WHEREAS, when no less than 22 states face budget shortfalls and Race to the Top funding for states is limited, $350 million for consortia to develop new assessments aligned with the CSCSI standards will not cover the entire cost of overhauling state accountability systems, which includes implementation of standards and testing and associated professional development and curriculum restructuring; now, therefore be it

RESOLVED, that the Ulster County Legislature emphatically urges New York state lawmakers to re-introduce and support the passage of New York State Assembly bill 07994 and Senate bill 6267 to discontinue the implementation of the Common Core State Standards developed by the Common Core State Standards Initiative which interfere with State and local control of public schools; and, be it further

RESOLVED, that the Ulster County Legislature urges our New York State Legislature to get further involved in the current debate over Common Core, to halt implementation of the standards while a state initiative is pursued to do due diligence and perhaps take an independent state-based approach to the improvement of our education system in New York State; and, be it further

RESOLVED, the Clerk of the Ulster County Legislature shall forward copies of this resolution to Governor Andrew Cuomo, Assembly and Senate Majority and Minority Leaders, Assembly and Senate Education Committee Chairmen, and all Ulster County elected Assemblymen and Senators,

and moves its adoption.

Against Common Core and Vote

Smart Schools Bond Act of 2014

The New York Bonds for School Technology Act, Proposal 3 (or Smart Schools Bond Act of 2014) was proposed by Governor Cuomo in his State of the State address in January 2014 and was approved by the legislature in the Governor’s 2014-2015 state budget with the press release stating:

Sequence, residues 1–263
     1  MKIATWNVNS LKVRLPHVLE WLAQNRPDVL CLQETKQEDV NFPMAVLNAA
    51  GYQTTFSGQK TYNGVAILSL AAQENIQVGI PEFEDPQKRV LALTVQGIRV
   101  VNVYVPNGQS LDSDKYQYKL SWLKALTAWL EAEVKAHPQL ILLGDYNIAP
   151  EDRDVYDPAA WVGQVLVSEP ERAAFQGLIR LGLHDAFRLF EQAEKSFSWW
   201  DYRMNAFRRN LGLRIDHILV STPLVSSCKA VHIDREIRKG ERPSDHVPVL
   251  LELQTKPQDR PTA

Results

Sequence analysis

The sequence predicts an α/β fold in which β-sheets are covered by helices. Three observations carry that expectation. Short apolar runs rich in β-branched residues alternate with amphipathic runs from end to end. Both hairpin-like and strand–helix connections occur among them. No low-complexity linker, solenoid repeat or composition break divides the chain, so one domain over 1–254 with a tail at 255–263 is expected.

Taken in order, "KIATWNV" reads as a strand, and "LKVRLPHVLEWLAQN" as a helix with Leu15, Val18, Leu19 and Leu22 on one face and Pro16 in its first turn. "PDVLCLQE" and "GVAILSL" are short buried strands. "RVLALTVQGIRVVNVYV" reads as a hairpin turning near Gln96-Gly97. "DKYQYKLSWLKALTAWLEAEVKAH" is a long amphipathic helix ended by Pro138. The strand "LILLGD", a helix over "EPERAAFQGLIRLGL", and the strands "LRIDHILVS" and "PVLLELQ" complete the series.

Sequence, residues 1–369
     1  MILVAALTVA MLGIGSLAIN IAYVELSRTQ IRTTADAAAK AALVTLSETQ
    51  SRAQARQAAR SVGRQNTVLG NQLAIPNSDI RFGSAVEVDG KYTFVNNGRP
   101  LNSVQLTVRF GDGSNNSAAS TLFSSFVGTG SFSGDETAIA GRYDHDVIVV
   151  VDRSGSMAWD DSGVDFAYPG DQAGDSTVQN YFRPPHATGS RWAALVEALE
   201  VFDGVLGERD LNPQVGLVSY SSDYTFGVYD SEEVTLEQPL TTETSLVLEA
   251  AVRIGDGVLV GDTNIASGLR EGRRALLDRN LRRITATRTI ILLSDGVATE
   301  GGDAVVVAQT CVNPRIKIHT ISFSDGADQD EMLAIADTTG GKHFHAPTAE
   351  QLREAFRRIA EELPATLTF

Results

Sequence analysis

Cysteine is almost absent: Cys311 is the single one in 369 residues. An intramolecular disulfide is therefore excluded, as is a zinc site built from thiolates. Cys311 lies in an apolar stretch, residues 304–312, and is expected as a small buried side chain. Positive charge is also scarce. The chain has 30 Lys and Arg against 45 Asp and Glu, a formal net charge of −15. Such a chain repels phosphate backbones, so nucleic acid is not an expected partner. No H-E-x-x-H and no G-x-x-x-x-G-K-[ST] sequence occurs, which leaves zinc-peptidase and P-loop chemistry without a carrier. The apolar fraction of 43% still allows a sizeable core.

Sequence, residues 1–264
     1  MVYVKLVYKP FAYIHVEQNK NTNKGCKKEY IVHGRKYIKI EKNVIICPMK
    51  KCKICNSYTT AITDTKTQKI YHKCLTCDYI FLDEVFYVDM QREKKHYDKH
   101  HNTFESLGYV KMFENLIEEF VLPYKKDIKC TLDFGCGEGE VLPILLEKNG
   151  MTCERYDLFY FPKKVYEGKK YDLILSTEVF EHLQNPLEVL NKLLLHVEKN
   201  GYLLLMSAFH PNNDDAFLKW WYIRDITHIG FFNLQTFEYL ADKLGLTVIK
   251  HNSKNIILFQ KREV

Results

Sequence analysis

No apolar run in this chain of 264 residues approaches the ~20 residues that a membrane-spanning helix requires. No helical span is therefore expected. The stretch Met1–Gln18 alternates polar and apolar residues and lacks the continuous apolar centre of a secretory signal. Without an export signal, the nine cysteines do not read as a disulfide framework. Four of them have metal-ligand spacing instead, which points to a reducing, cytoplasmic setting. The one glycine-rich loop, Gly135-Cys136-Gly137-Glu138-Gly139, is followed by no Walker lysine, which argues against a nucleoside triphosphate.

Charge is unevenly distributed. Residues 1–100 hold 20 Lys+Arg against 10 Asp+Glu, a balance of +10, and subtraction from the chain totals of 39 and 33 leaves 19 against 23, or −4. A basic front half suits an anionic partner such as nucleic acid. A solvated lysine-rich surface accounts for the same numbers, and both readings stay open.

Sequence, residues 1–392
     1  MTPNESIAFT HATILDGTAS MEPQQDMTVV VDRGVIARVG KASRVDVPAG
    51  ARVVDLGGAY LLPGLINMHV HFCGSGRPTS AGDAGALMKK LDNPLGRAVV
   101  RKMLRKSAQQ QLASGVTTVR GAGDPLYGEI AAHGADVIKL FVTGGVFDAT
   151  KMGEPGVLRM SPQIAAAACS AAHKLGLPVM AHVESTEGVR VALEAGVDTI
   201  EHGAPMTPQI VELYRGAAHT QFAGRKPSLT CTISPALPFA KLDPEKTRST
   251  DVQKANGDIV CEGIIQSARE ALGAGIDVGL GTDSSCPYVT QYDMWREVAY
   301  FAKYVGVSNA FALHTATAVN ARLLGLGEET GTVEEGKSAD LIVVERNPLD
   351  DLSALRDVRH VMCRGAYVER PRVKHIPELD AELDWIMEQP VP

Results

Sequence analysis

The Budget includes a $2 billion general obligation bond act. Bond proceeds will fund enhanced education technology in schools, with eligible projects including infrastructure improvements to bring high-speed broadband to schools and communities in their school district and the purchase of classroom technology for use by students. Additionally, Smart Schools will enable long-term investments in full-day pre-kindergarten through the construction of new pre-kindergarten classroom space, replace classroom trailers with permanent classroom space and make investments in high-tech school safety projects.
Now the bond act must be approved by the New York State voters on November 4, 2014 to take effect.  The ballot text as it will appear on the November 4 ballot reads:

The SMART SCHOOLS BOND ACT OF 2014

The SMART SCHOOLS BOND ACT OF 2014, as set forth in section one of part B of chapter 56 of the laws of 2014, authorizes the sale of state bonds of up to two billion dollars ($2,000,000,000) to provide access to classroom technology and high-speed internet connectivity to equalize opportunities for children to learn, to add classroom space to expand high-quality pre-kindergarten programs, to replace classroom trailers with permanent instructional space, and to install high-tech smart security features in schools. Shall the SMART SCHOOLS BOND ACT OF 2014 be approved?

If the Smart Schools Bond Act is approved by voters, Kingston City School District will receive approximately 5.3 million dollars that could be used to purchase computers, servers, white boards, make infrastructure upgrades for broadband, security or preK expansion.  Dr. Padalino has stated that Kingston does not need construction for preK because, while the preK program at George Washington is full, the preK program a JFK is not.  However if the bond act were to pass, the KCSD board of education and administration could put the money to good use within the confines of what is allowed to be done with the money.

Since the Smart Schools Bond Act was announced as part of the budget package, several concerns have been raised causing parents and community members around the state to question whether they should support the bond act by voting yes in November.

On April 17 Governor Cuomo announced the formation of a three-person Smart Schools Commission intended to make recommendations on how districts should use the money they receive from the bond act.  Commission member Constance Evelyn, superintendent of the Auburn School District in Cayuga County said in support of the bond act,